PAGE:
July is National Hemochromatosis Month
July 14, 2011
Hemochromatosis is a disease in which too much iron builds up in your body (iron overload). If the disease isn't detected and treated early, it can lead to serious problems, such as liver disease, heart disease, diabetes, arthritis, erectile dysfunction (impotence), abnormal menstrual cycles, and pituitary and thyroid problems. If hemochromatosis isn't treated, it may even cause death.
The two types of hemochromatosis are primary and secondary. Primary hemochromatosis is caused by a defect in the genes that control how much iron you absorb from food. Most people who have primary hemochromatosis inherit it from their parents. If you inherit two hemochromatosis genes—one from each parent—you're at risk for iron overload and signs and symptoms of the disease. Secondary hemochromatosis usually is the result of another disease or condition that causes iron overload, such as certain types of anemia.
Hemochromatosis is one of the most common genetic disorders in the United States. The disease is most common in Caucasians of Northern European descent. It's also more common in men and older people. Hemochromatosis can affect many parts of the body and cause various signs and symptoms. The signs and symptoms of the disease usually don't appear until at least age 40 in men and age 50 in women. Common signs and symptoms include joint pain, fatigue (tiredness), general weakness, weight loss, and stomach pain.
The signs and symptoms of hereditary hemochromatosis are different from person to person. Men are more likely to have symptoms than women. Although you are born with it, most people who have hereditary hemochromatosis show no symptoms of the illness until they are middle-aged. Symptoms can also change depending on the amount of iron in your diet or if you are taking iron pills or drinking alcohol.
Early symptoms include fatigue, abdominal pain, joint pain or impotence. For women, abnormal periods or early menopause also can be a sign.
People who have a very high iron levels may have skin with a bronze or gray color. Their lab tests may be abnormal. Their livers may get bigger or may become damaged and they may develop cirrhosis -- permanent and extensive scarring in the liver. Other signs of hereditary hemochromatosis include diabetes and heart problems.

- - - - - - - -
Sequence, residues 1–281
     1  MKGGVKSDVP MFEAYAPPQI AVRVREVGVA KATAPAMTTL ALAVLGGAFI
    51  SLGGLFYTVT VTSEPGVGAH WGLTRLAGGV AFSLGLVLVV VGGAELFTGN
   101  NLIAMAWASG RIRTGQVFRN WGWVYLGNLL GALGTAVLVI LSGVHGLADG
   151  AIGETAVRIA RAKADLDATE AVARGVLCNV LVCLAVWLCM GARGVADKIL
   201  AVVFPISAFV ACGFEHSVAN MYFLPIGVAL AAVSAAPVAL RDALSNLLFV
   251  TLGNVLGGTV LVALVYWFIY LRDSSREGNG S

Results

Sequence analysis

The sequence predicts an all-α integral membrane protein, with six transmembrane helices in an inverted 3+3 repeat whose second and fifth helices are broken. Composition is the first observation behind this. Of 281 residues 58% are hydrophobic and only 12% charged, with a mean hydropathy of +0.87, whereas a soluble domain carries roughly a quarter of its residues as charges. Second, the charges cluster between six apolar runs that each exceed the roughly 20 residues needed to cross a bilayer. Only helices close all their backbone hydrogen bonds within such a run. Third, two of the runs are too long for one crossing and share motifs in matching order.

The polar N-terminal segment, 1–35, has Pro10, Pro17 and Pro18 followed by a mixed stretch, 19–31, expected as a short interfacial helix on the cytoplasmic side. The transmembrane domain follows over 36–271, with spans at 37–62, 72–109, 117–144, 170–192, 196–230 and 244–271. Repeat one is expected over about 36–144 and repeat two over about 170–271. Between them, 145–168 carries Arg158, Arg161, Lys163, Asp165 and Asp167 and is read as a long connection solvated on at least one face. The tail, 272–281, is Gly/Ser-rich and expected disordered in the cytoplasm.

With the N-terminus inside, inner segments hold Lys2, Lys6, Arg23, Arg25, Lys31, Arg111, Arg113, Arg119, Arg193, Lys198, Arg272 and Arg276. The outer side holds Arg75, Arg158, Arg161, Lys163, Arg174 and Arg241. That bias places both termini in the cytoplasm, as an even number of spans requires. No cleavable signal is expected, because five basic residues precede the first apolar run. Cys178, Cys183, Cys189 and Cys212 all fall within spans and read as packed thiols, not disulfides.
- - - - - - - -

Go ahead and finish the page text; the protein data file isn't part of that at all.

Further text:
Your doctor will diagnose hemochromatosis based on your medical and family histories, a physical exam, and the results from tests and procedures. Treatments for hemochromatosis include therapeutic phlebotomy, iron chelation therapy, dietary changes, and treatment for complications. Your doctor may recommend frequent therapeutic phlebotomy at first to get the amount of iron in your body back to normal. After your iron levels return to normal, you may continue phlebotomy treatments, but you may get them less often.
You can't prevent inherited hemochromatosis. However, not everyone who inherits hemochromatosis genes develops symptoms or complications of the disease. If you do develop symptoms or complications, treatments can keep the disease from getting worse. Family members (blood relatives) of people who have hemochromatosis should consider having a doctor check their iron levels.
The outlook for people who have hemochromatosis largely depends on how much organ damage has already occurred at the time of diagnosis. Early diagnosis and treatment are important. Treatment may help prevent, delay, or reverse complications.
Dr. Virginia Alvord, primary care physician at Littleton Regional Hospital recommends that patients who have a family history of hemochromatosis should tell their physician so that the necessary screenings can be done. Early diagnosis, treatment and follow-up are very important in treating patients with hemochromatosis.
Source: National Heart and Blood Institute
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